Frivolous Friday: Let’s Talk Wine

I like wine. Do you? I prefer wine in the fall and winter months, and I tend to navigate toward buying red wine. So, I guess you could say this is my season to look at all the wine labels in the grocery store for a good one.

Truthfully, my favorite time to enjoy wine is while I’m cooking.  I guess you could call me a sip and stirrer.

Here’s the kicker.  I don’t know a lot about wine, and I’m guilty of buying a bottle of wine because it has a label that appeals to me.  I know.  Graphic artists probably love me, but true wine connoisseurs probably want to stick a cork in my mouth for saying that. Sometimes I get good results, and, sometimes, not so much.

Fleming's Prime Steakhouse "Bottle Wars" wine tasting event this month. 

Will and I attended one of Fleming’s Prime Steakhouse and Wine Bar’s “Bottle Wars”wine-tasting events last week. It was so much fun. We participated in the battle of the hemispheres. Charles Leary, my Raleigh Fleming’s sommelier, oversees 100 wines by the glass on any given night.  This night, he picked ten wines for us to taste: five from the Northern Hemisphere and five from the Southern Hemisphere.

It was great to learn about these wines.  My husband and I had totally different favorites.  He loved a white wine from the Southern Hemisphere called INDABA, a chardonnay from South Africa.

As usual, a red was my favorite. I learned that I like Dave Matthews.  Yes, the singer makes wine.   Musician Dave Matthews and renowned Sonoma wine maker Steve Reeder teamed up to create a smooth blend from California’sNorth Coast vineyards.  It was my affordable favorite.  I’ve done a little research, and it appears the average cost is $15 per bottle at a retailer.  I will definitely seek it out on my next outing.  

The  Dancing Tree, Crush North Coast. My overall favorite. I learned that I'm a red blend girl. 
We had a great time learning about wines.  I learned that I’m not a big fan of Cabernet Sauvignon compared to the other categories.  I also have a new splurge. The Prisoner Napa Valley was fabulous, but it’s $95 a bottle in the restaurant. It's less if you buy it retail, but still expensive. It cost more than two pairs of children's jeans at The Gap on sale. I think you know where my VISA card has to go. 

But, on this evening, I went back for some more sips of that one just because I could.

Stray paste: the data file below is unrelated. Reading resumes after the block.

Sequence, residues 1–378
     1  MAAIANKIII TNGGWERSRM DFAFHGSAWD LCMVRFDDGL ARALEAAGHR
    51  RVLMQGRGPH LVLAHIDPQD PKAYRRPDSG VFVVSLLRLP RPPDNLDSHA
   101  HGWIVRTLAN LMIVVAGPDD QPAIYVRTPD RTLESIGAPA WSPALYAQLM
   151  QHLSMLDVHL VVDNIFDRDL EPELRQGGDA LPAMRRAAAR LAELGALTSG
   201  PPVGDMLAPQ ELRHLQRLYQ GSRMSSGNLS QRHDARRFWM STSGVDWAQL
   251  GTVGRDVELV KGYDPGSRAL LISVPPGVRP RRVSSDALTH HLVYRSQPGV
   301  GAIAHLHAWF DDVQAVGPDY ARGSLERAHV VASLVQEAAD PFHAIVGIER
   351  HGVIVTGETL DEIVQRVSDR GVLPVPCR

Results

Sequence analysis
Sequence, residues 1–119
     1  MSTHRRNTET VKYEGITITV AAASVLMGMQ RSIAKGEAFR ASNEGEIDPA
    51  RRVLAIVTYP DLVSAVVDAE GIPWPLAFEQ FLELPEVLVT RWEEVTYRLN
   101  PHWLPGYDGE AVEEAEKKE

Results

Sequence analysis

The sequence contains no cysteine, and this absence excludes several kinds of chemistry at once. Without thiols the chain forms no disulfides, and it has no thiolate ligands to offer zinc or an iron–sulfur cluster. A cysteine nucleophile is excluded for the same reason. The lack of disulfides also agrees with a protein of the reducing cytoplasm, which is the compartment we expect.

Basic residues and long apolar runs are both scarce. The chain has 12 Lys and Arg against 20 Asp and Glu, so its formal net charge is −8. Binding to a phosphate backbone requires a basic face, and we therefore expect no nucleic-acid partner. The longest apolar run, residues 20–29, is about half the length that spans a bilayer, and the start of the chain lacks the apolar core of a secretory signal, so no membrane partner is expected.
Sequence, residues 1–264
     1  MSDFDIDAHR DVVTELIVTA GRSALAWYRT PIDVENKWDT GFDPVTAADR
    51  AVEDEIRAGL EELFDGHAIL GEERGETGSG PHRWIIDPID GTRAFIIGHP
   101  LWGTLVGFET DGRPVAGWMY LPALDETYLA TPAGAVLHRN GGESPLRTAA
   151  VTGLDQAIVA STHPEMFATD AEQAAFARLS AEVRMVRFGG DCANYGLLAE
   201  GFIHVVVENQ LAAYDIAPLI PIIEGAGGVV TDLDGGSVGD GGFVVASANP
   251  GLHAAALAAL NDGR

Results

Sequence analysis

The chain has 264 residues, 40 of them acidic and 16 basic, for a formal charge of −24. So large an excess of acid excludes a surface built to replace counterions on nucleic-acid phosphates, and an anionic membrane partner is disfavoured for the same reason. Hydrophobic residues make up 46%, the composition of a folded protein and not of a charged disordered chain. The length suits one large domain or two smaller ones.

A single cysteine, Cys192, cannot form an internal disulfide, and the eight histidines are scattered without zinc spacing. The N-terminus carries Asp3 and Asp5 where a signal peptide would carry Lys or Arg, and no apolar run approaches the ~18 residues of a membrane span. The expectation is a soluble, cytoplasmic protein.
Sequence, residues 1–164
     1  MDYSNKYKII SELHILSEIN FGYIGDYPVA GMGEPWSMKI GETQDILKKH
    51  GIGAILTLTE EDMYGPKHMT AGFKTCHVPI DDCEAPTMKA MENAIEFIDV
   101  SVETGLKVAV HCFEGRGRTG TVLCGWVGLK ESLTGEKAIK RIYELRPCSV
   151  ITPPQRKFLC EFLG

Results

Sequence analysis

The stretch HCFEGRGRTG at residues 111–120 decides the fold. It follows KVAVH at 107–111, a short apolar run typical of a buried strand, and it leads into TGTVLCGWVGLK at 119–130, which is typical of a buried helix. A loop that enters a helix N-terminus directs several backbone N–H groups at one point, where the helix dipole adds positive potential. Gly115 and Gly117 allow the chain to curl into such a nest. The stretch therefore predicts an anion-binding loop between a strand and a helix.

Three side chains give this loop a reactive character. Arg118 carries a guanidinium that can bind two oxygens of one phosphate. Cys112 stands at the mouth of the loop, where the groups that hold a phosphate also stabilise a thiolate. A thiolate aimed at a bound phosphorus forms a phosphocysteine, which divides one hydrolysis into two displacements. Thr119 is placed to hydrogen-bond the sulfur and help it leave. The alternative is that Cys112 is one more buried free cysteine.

An Instagram photo:  Tara from our local TV station, "WRAL's Out and About" and I lingered around the red table. Here, I have The Prisoner from Napa Valley and she has its rival, YALUMBA from Australia.  She preferred the Southern Hemisphere variety. 

Here’s what we tried, and I’ll put a star by the ones I personally liked best. 

Sauvignon Blanc: Sonoma vs. New Zealand
Hanna, Russian Valley Sonoma 2010/12 vs. *Kim Crawford, Marlborough, New Zealand, 2010/11 

Chardonnay: California vs. South Africa
Women of the Vine, California Central Coast, 2010/11 vs.* INDABA, Western Cape South Africa, 2010/12

Red Blend: Napa Valley vs. Barossa Valley, Australia
*The Prisoner Napa Valley, 2010/11 vs. YALUMBA, GSM The Strapper Barossa Valley, Australia, 2010/12

Cabernet Sauvignon: .Napa Valley vs. Chile
Educated Guess, Napa Valley, 2010/11 vs. *PRIMUS, Colchagua Valley Chile, 2010/11

Merlot Blend: California vs. New Zealand
*The Dreaming Tree, Crush North Coast 1010/11 vs. ESK Valley, Gravels New Zealand, 2010/11

Based on my tasting, I left knowing that expensive is not always better. Fleming’s will be addressing that exact topic on the Sept 28 tasting. 

Friday, Sept. 28 5:30 p.m-7:00 p.m.
What makes one wine twice as expensive as another? And is it twice as good? There are many factors that contribute to price: the cost of vineyard real estate, vine yields, imported oak barrels and winery equipment, famous winemakers and consultants. ... At this event, we'll blind-taste five of the best wine values from the Fleming's 100 against five premium wines that cost twice as much. Will you taste the difference?

Want to Go:
4325 Glenwood Avenue
*All National Fleming’s will be hosting this same event. Cost is $25, and the restaurant serves some great appetizers and chocolates with the wines.

Disclosure:  I was invited by Fleming’s Raleigh to attend the event as a guest. All wine opinions are my own, and I’m not an expert on the subject. Drink my recommendations at your own risk.  All selections are on Fleming’s wine list, and the Fleming’s sommeliers know their wine. 

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